Municipal Law Alert, April 2011
Do you have blighted property in your municipality? I suspect most readers of this article reside in beautiful northwestern Wisconsin, so your answer will be no. This is an understandable answer because the term blight carries with it such negative connotations. Dictionary.com defines blight as “the state or result of being blighted or deteriorated; dilapidation; decay: urban blight.” Well, that certainly does not paint a very pretty picture. To the contrary, it brings to mind images from around the rust belt of decaying factories with broken and boarded up windows, broken doors, out of control vegetation, broken bottles, trash and rats. My suspicion is, with few exceptions, most of the communities in this area do not have very many of these structures.
Notwithstanding the ugly picture painted by the dictionary definition and the common parlance use of the term blight, under Wisconsin’s definition of blight, a property containing pristine wetlands may fall within the definition of the term “blight”. Wisconsin Stat. § 66.1333 contains a very broad definition of blight, which includes, among other things, “An area which is predominantly open and which because of obsolete platting, diversity of ownership, deterioration of structures or of site improvements, or otherwise, substantially impairs or arrests the sound growth of the community.” The underscored section, “An area which is predominantly open,” appears to open the door to an extraordinarily broad interpretation of the word blight.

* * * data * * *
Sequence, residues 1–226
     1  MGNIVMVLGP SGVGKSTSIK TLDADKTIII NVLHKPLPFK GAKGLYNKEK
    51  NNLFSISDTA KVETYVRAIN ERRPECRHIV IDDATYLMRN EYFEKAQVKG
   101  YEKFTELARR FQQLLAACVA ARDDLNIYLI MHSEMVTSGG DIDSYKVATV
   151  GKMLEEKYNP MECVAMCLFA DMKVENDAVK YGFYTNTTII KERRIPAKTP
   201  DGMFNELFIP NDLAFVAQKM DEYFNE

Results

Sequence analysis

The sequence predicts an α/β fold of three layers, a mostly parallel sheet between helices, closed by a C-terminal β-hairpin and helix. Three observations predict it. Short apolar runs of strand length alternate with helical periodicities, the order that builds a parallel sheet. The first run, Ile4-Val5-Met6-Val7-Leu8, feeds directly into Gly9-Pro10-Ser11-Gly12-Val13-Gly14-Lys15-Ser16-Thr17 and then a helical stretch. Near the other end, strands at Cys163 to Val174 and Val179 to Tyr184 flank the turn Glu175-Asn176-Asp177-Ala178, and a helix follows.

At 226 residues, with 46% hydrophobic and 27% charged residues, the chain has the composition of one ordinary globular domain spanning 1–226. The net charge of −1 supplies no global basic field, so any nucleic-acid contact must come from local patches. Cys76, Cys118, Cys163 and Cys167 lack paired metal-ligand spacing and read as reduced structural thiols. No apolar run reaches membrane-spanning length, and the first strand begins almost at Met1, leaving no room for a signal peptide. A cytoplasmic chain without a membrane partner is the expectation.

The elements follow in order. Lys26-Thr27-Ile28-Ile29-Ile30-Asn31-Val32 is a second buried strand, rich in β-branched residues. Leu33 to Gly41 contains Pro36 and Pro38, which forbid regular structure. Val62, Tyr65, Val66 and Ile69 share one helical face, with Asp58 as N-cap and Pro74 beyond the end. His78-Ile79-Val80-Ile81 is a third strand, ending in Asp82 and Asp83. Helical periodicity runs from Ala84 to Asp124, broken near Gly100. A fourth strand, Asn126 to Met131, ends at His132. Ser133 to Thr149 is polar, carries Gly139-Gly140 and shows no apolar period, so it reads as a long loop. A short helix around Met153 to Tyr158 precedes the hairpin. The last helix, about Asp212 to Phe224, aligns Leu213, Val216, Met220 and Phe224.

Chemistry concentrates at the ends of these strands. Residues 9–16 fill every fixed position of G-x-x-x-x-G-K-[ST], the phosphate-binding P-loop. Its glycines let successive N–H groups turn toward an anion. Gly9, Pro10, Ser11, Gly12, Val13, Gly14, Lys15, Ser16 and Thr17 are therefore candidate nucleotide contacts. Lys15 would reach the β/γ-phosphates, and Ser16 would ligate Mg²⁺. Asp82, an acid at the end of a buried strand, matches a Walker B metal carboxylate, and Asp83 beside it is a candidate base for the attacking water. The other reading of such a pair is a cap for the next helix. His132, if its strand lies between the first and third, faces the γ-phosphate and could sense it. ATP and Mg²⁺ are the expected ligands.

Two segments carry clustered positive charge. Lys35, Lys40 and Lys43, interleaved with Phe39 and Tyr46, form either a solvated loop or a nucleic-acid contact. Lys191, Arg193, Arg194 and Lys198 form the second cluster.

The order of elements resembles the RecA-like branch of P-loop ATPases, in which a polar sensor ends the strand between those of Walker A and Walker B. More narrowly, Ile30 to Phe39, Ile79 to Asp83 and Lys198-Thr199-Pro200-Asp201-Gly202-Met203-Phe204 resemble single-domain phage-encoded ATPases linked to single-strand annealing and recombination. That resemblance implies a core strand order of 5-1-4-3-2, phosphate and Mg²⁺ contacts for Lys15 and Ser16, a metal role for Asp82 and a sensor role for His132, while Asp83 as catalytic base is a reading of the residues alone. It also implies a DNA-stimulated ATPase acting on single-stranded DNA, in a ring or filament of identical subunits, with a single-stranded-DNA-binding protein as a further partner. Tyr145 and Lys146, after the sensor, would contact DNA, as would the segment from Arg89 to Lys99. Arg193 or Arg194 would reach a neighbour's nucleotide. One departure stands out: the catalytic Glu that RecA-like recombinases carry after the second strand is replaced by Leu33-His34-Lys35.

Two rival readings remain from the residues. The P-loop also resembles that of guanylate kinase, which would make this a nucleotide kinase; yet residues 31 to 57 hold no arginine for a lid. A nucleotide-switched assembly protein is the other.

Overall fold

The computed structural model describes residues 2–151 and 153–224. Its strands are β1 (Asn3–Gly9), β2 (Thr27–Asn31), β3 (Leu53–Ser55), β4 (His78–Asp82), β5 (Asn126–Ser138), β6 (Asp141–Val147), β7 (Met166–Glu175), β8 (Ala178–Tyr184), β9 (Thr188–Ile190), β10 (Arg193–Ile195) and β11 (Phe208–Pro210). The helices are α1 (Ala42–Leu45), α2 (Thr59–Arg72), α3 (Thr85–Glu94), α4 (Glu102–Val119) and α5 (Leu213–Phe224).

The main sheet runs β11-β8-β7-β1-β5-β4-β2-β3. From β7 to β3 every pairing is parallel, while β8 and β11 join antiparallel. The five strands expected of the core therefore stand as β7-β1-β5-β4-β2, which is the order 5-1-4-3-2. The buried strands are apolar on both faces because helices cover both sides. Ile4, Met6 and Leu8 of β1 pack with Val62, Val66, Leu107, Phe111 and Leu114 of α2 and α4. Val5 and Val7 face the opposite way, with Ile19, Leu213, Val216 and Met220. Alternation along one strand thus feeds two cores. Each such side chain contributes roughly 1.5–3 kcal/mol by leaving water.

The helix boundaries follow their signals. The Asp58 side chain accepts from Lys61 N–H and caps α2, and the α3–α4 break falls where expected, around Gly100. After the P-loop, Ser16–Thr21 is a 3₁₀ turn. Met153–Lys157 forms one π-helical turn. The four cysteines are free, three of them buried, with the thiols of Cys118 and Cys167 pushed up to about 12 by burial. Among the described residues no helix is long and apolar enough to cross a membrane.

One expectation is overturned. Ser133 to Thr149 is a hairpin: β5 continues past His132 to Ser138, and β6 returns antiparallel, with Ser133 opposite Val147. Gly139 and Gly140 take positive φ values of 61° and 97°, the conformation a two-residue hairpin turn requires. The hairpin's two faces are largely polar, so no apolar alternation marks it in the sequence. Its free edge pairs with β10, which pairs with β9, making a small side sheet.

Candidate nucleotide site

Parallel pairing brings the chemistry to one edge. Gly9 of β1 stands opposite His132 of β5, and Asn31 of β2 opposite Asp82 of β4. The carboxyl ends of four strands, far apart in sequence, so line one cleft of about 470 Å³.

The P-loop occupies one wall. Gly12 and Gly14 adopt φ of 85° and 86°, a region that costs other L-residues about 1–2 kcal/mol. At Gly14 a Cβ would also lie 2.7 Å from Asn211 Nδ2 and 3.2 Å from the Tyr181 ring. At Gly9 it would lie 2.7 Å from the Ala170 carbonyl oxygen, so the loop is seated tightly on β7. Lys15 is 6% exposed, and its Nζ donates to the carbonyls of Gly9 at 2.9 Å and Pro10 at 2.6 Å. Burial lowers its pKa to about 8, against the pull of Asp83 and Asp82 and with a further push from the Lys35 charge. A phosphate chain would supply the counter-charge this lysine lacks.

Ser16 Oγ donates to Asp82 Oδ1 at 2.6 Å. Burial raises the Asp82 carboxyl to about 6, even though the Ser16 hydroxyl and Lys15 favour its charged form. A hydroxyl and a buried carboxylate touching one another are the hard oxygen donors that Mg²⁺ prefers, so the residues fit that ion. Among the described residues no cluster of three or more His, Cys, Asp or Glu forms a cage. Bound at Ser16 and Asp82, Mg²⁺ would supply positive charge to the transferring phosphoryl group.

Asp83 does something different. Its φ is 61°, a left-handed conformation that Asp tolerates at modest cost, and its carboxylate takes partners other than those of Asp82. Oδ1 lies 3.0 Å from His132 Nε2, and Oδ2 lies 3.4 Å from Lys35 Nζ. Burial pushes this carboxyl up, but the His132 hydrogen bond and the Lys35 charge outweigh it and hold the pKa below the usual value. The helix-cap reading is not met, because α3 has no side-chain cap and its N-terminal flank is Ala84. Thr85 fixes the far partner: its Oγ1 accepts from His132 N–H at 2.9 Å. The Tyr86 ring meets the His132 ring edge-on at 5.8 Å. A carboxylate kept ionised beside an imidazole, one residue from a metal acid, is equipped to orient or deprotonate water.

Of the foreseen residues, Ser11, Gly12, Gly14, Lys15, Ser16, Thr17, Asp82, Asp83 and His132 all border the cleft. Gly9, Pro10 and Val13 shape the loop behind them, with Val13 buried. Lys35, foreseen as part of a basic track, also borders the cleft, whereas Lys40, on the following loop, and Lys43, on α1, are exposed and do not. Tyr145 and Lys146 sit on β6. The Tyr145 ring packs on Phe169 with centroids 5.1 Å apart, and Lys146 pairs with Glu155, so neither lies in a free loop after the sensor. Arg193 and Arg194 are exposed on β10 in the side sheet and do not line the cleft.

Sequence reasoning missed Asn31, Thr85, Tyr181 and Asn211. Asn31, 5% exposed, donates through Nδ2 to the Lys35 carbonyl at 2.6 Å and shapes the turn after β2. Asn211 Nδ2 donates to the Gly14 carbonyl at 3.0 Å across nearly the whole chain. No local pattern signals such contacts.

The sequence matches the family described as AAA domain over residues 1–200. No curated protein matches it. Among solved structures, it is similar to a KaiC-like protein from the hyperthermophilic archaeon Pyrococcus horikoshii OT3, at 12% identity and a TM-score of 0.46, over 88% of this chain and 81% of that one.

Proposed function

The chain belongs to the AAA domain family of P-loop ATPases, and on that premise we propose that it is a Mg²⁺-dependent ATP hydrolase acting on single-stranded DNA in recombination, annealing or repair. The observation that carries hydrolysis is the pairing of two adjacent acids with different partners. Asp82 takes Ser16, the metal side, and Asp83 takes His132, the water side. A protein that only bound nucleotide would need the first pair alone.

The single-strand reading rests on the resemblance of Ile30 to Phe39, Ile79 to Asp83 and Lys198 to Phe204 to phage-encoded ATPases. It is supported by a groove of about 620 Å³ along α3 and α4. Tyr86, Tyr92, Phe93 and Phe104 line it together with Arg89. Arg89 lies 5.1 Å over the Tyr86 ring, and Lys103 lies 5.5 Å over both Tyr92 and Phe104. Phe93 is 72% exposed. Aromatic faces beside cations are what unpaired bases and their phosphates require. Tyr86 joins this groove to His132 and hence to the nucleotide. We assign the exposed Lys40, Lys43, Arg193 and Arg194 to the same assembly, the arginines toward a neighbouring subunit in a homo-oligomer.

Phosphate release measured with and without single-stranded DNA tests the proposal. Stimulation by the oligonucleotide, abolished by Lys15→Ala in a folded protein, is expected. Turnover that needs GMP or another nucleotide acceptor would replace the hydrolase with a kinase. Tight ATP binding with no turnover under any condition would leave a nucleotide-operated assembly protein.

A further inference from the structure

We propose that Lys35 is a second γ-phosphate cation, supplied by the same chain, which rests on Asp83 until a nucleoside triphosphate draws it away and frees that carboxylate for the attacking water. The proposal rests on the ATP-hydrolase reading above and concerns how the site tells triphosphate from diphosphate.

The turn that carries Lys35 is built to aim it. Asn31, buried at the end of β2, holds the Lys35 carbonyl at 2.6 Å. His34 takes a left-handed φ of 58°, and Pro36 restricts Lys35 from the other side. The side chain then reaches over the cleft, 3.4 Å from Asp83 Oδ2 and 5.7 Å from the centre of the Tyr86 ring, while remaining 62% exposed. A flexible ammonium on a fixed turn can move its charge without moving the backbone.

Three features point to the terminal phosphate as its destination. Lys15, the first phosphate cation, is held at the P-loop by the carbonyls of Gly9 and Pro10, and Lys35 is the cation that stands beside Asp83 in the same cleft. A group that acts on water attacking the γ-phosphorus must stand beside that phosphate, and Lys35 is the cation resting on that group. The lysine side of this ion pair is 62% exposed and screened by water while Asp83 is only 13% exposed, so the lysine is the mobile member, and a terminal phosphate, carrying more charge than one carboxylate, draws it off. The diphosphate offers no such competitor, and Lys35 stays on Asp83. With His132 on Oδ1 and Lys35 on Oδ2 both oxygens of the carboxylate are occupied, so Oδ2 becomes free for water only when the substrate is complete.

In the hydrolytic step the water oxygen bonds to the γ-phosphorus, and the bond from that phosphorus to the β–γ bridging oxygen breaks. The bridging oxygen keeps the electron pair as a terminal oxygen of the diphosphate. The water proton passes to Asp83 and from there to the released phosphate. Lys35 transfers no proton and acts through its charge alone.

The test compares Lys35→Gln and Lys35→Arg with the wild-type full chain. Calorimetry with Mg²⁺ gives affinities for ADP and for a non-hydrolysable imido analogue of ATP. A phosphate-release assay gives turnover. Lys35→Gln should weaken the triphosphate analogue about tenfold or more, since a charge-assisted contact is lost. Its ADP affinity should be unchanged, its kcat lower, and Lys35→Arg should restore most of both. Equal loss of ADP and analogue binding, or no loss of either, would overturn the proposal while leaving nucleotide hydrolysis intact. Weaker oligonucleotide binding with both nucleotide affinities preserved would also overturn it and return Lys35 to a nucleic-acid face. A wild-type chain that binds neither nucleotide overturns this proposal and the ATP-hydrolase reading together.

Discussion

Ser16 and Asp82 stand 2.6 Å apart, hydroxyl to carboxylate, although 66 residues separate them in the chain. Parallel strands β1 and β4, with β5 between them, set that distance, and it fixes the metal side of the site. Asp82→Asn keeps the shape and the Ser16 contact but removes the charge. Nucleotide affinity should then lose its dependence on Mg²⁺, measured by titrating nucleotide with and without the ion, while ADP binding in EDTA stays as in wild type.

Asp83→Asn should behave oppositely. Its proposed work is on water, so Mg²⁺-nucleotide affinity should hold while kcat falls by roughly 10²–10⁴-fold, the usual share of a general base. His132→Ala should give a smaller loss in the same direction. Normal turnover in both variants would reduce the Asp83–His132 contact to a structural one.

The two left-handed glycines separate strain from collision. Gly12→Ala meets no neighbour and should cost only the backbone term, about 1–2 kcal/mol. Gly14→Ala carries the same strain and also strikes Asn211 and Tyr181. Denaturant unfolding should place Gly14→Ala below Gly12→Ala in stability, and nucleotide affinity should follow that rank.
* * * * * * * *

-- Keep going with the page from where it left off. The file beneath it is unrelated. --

At least one Wisconsin Court has interpreted the term broadly. Grunwald v Community Development Authority of the City of West Allis, 202 Wis. 2d 471, 551 N.W.2d 36 (Ct. App. 1996). In Grunwald, the City of West Allis declared blighted a piece of property that contained a building that was only 7 years old and was compliant with all building codes. Grunwald’s building was part of a larger area targeted for razing and redevelopment. Relying on the provision of the Blight Elimination and Slum Clearance Act that provides that the Act be liberally construed [Wis. Stat. § 66.1333(17)], the Court held that a municipality may focus on “the general character of the area and its structures”. Thus, even though the specific piece of property at issue in the Grunwald case was in good shape, viewing all of the properties in the aggregate, it fit within the definition of blight.
What does this mean? The practical implication is that municipalities appear to have broad legislative authority to take myriad actions with respect to eliminating “blight” – which as we have now learned, can include a wide range of properties that may not appear at first sight to be blighted. These actions may include exercising the municipality’s eminent domain powers or issuing tax exempt bonds to finance the improvement of the property.